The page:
To do that, you (probably) need to go to your existing domain host, who we can only guess at this point, is hosting your public DNS records (for example.org and any existing subdomains), and ask them to add a new A record for the subdomain (test.example.org) and point it to whatever IP address you want it to point at.

Our e-mail system is hosted externally.

The fact that your email is hosted externally does not make any difference to the above.

If I host a external domain name, example.org at Godaddy.com for example, do I have to involve the ISP at all?

No - the two can be completely separate.  Many people use their ISP purely for convenience (they already have an account with them), but you can keep it separate, and personally I always prefer to do so.

Our computers (around 50) point to our gatewat, a Cisco 5510, which uses Google's DNS servers. When we set them up, we didn't use our ISP's because they're always seems to go down.

Who you use to resolve public DNS records has no bearing on the above - you can use Google (8.8.8.8) or OpenDNS or your ISP or whoever you choose.

I remember way back in the day we had to call the ISP about changing a DNS entry for our mail server (This was before we outsourced the mail servers to headquarters) because we changed the domain name. So we changed the MX record here locally on our DNS server that's hosted on the SBS 2010, but it wasn't working, so again as mentioned earlier we had to call the ISP to update their record..Not sure if that had to do anything with this situation.

You have not yet been explicit as to whether you even already have your own domain name, but I am inferring from this statement that you do.  If you had to talk to your ISP about changing MX records (a specific type of DNS record), then your ISP must have been hosting your public DNS records at that point in time.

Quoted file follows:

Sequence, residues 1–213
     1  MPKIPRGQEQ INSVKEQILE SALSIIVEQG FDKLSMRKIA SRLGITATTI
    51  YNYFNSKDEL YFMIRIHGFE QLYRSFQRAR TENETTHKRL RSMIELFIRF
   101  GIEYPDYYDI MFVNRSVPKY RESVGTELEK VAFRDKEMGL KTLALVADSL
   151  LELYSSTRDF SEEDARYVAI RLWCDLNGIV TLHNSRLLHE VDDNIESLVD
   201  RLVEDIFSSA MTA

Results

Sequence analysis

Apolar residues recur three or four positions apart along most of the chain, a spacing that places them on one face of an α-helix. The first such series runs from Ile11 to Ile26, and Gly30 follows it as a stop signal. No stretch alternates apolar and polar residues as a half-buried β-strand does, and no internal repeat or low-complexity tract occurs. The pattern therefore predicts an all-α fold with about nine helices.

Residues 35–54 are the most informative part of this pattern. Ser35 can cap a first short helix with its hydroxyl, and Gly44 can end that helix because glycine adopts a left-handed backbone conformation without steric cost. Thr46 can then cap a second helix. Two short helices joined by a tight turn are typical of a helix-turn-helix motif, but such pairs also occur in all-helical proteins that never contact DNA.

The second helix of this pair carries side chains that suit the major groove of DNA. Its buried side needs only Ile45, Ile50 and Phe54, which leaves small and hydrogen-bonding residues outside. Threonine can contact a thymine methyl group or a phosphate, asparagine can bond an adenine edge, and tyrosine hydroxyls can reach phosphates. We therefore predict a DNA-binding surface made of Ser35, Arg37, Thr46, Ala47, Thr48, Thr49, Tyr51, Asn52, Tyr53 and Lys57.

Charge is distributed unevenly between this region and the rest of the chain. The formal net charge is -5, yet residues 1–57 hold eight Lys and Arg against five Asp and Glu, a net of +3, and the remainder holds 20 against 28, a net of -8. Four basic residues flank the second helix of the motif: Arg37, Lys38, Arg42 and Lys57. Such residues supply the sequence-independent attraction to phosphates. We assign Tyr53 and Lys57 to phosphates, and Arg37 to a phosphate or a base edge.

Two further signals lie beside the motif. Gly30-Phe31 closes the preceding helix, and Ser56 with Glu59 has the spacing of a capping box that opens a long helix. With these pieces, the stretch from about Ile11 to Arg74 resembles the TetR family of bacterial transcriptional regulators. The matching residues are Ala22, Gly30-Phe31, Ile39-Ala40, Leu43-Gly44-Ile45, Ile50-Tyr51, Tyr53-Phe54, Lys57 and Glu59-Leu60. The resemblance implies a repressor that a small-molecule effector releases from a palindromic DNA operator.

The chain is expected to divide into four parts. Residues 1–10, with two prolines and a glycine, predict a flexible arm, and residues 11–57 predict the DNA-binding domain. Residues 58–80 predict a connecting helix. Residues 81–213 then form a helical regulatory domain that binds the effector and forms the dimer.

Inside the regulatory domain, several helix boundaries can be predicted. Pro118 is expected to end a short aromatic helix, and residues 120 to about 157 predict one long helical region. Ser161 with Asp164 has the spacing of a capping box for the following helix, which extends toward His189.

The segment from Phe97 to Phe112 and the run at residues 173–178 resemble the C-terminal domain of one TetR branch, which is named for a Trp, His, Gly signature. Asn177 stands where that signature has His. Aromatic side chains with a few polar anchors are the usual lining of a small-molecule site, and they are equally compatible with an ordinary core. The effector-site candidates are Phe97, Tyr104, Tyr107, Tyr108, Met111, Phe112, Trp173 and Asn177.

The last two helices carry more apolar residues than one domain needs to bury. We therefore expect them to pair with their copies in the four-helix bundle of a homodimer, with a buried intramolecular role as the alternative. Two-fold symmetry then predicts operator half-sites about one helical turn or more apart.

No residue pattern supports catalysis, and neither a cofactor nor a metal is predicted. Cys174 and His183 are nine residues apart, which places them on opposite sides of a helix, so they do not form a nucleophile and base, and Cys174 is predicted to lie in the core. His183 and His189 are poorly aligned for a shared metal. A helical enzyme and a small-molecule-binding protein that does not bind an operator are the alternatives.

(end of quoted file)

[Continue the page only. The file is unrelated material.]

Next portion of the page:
If you do already have a domain (example.org using your original post), then you need to get test.example.org added as I set out above.


Can I simply just host the new domain on godaddy, then port forward it to the server located on our site?

You can create a new domain with any registrar (GoDaddy is one option), and they will also offer to host the public DNS records for that new domain.

External users (or more specifically, the application(s) they are using) will aim packets at the IP address that you associate with test.example.org, and at a specific port.  That port is determined by the user / application, not by DNS.  For example, a web browser would normally aim packets at ports 80 or 443 on the IP address, but you can instruct your browser to aim at any port you like - 80 and 443 are just the defaults for http and https respectively.

There is no concept of 'port forwarding' with respect to your public DNS records.  Port forwarding is something you would do on your equipment (router) at the point of entry into your infrastructure.


HTH,

Alan.
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by:Pancake_Effect
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Thank you very much, that was very clear. I ended up having to start a new domain on GoDaddy for it to work, but now I understand how the process works. Thanks!
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by:Alan3285
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Glad it worked out for you :-)